I can lose my temper sometimes. When I do, it can flip me from normal, even easy going, into someone possessed by a murderous rage. It's not hotheaded, it's coldhearted. It's also predictable, to an extent. Like everyone, it happens more when I am tired, frustrated, or distracted. Through the use of sleeping medications, I force myself to sleep more than my body naturally wants to, partly to keep a more level head when I am actually awake. I also try to avoid situations in which someone may unpredictably provoke me, typically strangers who don't know me or my triggers, and I am careful to schedule in a lot of downtime and alone time in which to decompress. I've gotten so good at this, it's been a while since my last rage attack. And all of the recent ones have been while I am traveling, when I am most likely to be forced to deal with strangers.
The most predictable aspect of these rages, though, is when someone "calls" me on something that I have done "wrong" when I feel like I have done nothing that would warrant their disapproval. I get angry at the flight attendant who tells me to turn off my electronic device, the metro worker who tells me to not use a particular set of stairs, etc. I know why, I feel like it is underhanded, that they are trying to force me to follow a particular set of rules that I think don't acknowledge, for whatever reason.
The particular set of rules, I realized, are called "social exchange rules." From a Wall Street Journal article about why folks throw temper tantrums when these rules are broken (try Googling the title "Big Explosions, Small Reasons" to get past the subscriber only):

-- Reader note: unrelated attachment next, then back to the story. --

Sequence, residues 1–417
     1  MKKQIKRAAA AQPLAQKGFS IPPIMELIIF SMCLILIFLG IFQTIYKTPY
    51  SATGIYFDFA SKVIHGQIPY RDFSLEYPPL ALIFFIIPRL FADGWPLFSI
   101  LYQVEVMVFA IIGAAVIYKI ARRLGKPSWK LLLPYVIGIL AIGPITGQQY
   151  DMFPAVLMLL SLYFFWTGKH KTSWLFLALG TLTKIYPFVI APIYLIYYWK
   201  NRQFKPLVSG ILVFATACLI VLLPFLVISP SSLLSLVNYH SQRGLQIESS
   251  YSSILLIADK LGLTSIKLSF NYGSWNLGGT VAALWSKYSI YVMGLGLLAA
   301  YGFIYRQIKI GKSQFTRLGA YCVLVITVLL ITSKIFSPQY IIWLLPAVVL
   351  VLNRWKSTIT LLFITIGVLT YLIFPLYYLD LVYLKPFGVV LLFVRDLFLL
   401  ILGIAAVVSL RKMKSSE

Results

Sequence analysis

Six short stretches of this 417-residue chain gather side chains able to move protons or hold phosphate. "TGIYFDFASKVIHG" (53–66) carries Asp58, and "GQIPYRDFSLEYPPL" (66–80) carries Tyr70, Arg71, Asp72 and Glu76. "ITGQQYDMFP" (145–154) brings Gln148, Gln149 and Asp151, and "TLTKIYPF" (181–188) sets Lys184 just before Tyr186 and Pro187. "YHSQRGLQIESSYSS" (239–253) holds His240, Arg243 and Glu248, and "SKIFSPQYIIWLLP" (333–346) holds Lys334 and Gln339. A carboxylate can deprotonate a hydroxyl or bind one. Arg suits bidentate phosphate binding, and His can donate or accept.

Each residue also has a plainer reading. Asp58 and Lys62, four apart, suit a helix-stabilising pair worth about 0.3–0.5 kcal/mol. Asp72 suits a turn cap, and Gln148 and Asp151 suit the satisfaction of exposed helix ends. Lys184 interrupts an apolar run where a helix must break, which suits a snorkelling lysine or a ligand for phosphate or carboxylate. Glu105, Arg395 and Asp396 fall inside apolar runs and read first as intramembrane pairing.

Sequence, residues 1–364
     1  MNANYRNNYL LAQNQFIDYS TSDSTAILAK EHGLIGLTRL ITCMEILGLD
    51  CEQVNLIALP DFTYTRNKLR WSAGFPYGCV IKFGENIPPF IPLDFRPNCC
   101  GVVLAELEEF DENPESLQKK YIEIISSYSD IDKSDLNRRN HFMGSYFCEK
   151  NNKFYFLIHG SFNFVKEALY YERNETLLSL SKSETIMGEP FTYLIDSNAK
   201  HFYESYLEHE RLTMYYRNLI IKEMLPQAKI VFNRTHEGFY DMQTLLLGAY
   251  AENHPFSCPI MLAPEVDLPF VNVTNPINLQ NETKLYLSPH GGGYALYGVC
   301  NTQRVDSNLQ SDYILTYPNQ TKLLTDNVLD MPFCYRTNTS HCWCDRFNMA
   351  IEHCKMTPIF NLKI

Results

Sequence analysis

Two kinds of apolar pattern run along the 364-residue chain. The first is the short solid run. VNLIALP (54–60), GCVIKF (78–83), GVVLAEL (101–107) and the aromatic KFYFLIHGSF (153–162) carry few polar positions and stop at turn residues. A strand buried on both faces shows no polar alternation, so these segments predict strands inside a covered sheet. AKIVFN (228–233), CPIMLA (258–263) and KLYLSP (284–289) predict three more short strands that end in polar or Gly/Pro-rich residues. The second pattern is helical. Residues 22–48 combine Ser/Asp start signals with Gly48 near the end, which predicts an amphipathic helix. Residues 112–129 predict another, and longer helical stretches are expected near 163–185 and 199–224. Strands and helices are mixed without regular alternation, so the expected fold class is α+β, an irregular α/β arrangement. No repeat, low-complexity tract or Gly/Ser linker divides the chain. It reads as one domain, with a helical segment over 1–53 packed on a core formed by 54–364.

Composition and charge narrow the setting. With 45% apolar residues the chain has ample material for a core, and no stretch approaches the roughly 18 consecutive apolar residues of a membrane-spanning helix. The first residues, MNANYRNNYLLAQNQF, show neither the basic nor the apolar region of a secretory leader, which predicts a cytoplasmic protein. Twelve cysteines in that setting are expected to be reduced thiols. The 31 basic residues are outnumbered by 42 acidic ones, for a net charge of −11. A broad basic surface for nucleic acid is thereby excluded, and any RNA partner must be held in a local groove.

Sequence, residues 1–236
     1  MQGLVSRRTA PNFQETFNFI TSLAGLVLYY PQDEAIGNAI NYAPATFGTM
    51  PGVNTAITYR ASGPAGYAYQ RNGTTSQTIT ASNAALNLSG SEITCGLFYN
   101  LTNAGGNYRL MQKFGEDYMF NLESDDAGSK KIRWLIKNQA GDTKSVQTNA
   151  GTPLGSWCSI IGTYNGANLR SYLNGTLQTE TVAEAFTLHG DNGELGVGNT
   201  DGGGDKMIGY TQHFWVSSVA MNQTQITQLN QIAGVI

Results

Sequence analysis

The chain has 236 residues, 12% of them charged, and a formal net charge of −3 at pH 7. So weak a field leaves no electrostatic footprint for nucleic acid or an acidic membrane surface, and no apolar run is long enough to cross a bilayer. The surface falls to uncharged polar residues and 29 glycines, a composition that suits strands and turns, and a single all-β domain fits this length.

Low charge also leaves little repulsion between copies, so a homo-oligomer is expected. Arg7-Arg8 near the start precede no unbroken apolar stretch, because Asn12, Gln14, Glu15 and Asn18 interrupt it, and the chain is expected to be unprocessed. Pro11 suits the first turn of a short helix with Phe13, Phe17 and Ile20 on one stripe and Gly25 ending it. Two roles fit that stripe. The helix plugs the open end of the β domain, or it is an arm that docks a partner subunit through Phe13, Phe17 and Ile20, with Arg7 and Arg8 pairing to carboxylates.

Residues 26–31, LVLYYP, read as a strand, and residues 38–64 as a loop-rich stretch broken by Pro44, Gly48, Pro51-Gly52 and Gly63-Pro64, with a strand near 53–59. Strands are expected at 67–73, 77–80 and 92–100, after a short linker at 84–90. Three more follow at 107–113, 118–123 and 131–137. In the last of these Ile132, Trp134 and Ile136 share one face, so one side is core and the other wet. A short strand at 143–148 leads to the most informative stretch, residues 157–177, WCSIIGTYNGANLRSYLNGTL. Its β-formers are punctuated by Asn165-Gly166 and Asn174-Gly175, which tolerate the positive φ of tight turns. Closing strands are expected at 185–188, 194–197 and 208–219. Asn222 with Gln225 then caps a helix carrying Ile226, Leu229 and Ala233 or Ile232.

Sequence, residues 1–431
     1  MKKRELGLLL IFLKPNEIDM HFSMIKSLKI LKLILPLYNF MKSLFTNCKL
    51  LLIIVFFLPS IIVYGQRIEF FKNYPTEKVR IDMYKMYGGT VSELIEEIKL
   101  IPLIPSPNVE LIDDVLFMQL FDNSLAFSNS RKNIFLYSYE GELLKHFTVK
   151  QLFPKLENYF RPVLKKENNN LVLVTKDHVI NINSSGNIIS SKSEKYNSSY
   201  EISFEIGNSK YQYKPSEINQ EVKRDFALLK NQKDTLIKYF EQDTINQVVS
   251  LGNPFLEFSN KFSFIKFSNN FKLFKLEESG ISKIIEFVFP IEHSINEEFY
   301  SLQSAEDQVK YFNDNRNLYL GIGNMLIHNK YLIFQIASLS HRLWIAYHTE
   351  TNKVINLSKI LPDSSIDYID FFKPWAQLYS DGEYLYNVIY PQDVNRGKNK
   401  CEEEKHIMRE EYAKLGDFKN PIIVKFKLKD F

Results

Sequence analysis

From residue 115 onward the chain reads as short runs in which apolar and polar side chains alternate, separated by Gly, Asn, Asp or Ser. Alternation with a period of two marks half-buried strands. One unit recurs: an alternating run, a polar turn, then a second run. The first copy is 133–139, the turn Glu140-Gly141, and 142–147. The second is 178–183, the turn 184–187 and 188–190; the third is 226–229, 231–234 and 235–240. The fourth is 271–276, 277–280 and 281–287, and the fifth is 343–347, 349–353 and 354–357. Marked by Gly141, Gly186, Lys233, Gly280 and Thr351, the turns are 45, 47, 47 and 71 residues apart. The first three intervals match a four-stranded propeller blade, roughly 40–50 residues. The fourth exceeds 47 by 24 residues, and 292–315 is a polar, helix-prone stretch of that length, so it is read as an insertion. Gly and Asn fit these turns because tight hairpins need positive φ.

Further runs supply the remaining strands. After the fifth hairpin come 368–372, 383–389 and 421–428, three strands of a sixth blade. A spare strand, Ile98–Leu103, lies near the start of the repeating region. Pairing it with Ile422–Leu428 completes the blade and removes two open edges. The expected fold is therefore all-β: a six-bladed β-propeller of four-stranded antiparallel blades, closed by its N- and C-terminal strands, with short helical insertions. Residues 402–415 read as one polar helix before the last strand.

Researchers at Duke University, in a yet-to-be-published study, looked for explanations of why people melt down over small things. Their findings suggest we are reacting to a perceived violation of an unwritten yet fundamental rule. It's the old, childhood wail: "It's not fair!"
Researchers call these unwritten laws of behavior "social exchange rules." We're not supposed to be rude or inconsiderate; we are supposed to be polite, fair, honest and caring. Don't cut in line. Drive safely. Clean up after yourself.
"We can't have successful interactions in relationships, mutually beneficial to both people involved, if one person violates these rules," says Mark Leary, professor of psychology and neuroscience at Duke and lead author of the study. "And we can't have a beneficial society if we can't trust each other not to lie, not to be unethical, not to watch out for our general well-being."
What makes my losses of temper different, I wondered. Am I the same as these people? I behave civilized, even charmingly. I say please and thank you, wait my turn in line, etc., but largely because this is the best way to get what I want. These are some of the most obvious social rules, whether kept or broken, so I am sure to be seen as a rule follower particularly for these little niceties.
No, when I lose my temper, it's not because I feel like someone has not held up their end of a social bargain, it is because I have been reminded about how powerless I am. The flight attendant has power over me. I try to pretend that we are equals and I could ruin her if I wanted to, but ultimately she could get me kicked off a flight and I would have no recourse. The metro worker looked like God's mistake, but he also has a certain sort of power over me, power to tell me where I can walk and where I can't or else he'll call security. I hate feeling like someone has power over me, hate it so much that I will almost always try to flip the power dynamic in whatever way I can. And apparently get really angry about it when I'm reminded how many people have control over me in countless ways in my daily life. I don't know, it was interesting seeing how the reasons I lose my temper are both similar and different from the way that other people lose their temper. And now I know better how to provoke people (or not) when I choose.